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A Guide to Hiking the Bright Angel Trail


American anthropologist, geologist and explorer Major John Wesley Powell speaks with a Paiute Indian about the location of a water supply during a survey of Arizona in 1873.
American anthropologist, geologist and explorer Major John Wesley Powell speaks with a Paiute Indian about the location of a water supply during a survey of Arizona in 1873.
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In 1869, John Wesley Powell, scientist and explorer, led nine men down the Colorado River into the Grand Canyon. The expedition did not go smoothly. The group lost two boats and was forced to eat spoiled food. Three of the men quit before the journey had even ended.

Yet for Powell, the majesty of the canyon was well worth the ordeal -- and he spared no metaphor or simile in penning its description. The walls soared like a cathedral, he wrote, in "balustrades and arches and columns with lattice work and delicate carving." In color, they rivaled a rainbow: "pink, red, brown, lavender, gray, blue and black. In some lights the saffron prevails, in other lights vermilion." Even the Colorado River, which nearly drowned them and ruined their food, he likened to a mighty instrument, "swelling in floods of music when the storm gods play upon the rocks" [source: Powell].

Along their journey, Powell was struck by one small stream's unusual clarity and he christened it Bright Angel Creek. Today, via the Bright Angel Trail, hikers can witness the same breathtaking beauty that Powell did -- without risking life and limb on the Colorado's waters. The trail begins at Grand Canyon's South Rim (elevation 6,860 feet/2,093 meters) and winds down to the banks of the Colorado River (elevation 4,380 feet/1,335 meters), offering breathtaking views of the canyon along the way.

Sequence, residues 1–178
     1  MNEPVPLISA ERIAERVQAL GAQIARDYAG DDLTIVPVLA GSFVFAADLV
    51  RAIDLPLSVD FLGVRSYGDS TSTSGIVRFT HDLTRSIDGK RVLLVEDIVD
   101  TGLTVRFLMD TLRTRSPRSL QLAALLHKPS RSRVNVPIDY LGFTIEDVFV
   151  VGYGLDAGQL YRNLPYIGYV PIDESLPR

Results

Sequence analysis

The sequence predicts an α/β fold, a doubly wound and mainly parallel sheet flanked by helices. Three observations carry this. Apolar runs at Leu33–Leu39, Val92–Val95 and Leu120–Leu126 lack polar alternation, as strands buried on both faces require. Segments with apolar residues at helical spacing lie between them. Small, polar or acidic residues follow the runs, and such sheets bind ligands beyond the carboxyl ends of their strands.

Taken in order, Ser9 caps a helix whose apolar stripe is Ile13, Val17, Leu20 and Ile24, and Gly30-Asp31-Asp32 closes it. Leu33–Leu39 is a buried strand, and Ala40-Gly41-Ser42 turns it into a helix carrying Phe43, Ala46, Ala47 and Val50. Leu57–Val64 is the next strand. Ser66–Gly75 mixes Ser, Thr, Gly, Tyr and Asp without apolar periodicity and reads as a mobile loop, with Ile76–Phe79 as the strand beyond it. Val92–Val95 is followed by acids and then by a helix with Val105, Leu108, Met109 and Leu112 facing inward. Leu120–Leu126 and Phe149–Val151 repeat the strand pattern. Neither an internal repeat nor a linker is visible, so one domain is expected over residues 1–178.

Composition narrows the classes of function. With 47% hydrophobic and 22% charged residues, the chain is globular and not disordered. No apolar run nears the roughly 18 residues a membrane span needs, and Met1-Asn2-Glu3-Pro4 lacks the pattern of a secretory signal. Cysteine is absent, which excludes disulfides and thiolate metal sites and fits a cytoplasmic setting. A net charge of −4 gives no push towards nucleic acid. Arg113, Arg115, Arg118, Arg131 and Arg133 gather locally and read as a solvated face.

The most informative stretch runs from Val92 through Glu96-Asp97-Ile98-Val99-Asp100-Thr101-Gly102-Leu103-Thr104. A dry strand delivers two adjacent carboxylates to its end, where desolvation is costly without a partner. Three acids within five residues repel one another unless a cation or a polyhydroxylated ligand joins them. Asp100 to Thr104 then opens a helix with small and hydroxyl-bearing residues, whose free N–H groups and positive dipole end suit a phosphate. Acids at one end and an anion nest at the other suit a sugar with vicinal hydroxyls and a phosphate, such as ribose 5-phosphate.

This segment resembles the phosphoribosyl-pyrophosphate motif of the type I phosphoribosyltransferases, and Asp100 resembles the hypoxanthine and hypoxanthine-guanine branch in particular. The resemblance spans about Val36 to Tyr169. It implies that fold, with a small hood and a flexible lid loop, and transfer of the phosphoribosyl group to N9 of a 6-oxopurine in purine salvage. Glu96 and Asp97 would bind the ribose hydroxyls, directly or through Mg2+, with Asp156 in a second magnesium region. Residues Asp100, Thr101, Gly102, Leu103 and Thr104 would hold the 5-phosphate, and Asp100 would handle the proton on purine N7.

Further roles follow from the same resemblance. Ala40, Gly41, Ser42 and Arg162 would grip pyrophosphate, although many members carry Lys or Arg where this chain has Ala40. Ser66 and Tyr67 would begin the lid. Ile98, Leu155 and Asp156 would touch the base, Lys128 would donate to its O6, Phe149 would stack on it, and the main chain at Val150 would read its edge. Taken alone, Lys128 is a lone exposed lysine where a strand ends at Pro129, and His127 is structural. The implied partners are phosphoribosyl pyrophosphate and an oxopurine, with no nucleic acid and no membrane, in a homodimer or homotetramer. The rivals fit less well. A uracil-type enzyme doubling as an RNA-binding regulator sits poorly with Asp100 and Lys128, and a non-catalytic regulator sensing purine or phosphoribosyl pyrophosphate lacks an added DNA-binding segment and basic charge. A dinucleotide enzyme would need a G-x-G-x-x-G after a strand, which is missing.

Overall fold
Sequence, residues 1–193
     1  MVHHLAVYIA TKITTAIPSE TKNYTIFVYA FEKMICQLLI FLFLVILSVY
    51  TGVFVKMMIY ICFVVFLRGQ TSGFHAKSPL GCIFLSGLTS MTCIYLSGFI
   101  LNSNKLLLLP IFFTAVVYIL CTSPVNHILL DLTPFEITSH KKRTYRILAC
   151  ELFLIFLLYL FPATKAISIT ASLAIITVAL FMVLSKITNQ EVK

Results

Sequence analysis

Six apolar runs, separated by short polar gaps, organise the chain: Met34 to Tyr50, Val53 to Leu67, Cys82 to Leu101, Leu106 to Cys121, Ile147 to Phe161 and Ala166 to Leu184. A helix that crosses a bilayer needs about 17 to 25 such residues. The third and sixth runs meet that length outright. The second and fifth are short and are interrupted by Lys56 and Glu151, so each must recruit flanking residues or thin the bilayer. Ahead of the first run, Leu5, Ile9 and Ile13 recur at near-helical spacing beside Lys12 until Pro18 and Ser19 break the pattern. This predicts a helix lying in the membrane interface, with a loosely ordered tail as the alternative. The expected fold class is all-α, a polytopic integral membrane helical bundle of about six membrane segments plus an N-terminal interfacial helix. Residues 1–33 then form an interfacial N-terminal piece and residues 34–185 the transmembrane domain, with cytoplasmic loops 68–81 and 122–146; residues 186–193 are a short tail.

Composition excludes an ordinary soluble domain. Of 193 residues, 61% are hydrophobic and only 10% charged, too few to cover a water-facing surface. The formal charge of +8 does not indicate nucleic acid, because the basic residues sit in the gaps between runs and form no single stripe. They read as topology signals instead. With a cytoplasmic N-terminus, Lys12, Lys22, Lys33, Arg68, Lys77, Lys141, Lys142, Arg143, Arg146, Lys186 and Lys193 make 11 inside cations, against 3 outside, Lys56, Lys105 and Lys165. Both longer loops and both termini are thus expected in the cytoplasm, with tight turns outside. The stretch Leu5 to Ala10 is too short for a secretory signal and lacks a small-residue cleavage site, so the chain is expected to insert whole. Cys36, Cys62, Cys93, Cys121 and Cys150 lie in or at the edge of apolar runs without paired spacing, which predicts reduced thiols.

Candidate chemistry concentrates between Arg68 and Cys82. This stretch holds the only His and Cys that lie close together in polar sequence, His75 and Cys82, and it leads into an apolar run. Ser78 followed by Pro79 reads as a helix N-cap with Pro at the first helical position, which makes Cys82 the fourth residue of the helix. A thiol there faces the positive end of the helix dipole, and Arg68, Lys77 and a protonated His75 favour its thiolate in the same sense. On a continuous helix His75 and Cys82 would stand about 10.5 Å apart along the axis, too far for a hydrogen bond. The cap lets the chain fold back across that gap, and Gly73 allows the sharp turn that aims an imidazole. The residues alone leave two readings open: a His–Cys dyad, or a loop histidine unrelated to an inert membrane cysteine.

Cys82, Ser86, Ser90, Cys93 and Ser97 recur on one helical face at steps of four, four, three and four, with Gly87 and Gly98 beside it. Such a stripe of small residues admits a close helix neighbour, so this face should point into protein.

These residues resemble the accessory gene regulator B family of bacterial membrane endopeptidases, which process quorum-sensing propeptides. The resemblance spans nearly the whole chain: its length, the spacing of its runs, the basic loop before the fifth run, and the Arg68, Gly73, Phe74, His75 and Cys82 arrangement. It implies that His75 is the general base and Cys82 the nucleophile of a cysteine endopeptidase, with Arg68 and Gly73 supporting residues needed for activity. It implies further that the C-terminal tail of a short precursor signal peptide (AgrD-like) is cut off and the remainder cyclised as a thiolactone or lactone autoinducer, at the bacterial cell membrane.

What's now a popular avenue for hikers and backpackers in Grand Canyon National Park actually began as a fault line created by seismic activity. Over the millennia, animal herds traversing the canyon beat it into a path. And in Powell's day the Havasupai tribe used the route to access a small farm they'd developed on a plateau. At the turn of the 20th century, entrepreneurs entered the picture, improving the trail and developing campgrounds, which invited the tourist trade. The National Park Service acquired the property in 1928, added rest houses and ranger stations, and a suspension bridge now spans the river.

Despite its amenities, Bright Angel Trail is no walk in the park. While it's only four-fifths of a mile (1.3 kilometers) in linear distance, it zigzags and meanders 9.5 miles (15.3 kilometers), and heat, thirst and exhaustion still threaten those who don't plan and pack wisely. How can you prepare for this unique and lovely trail?


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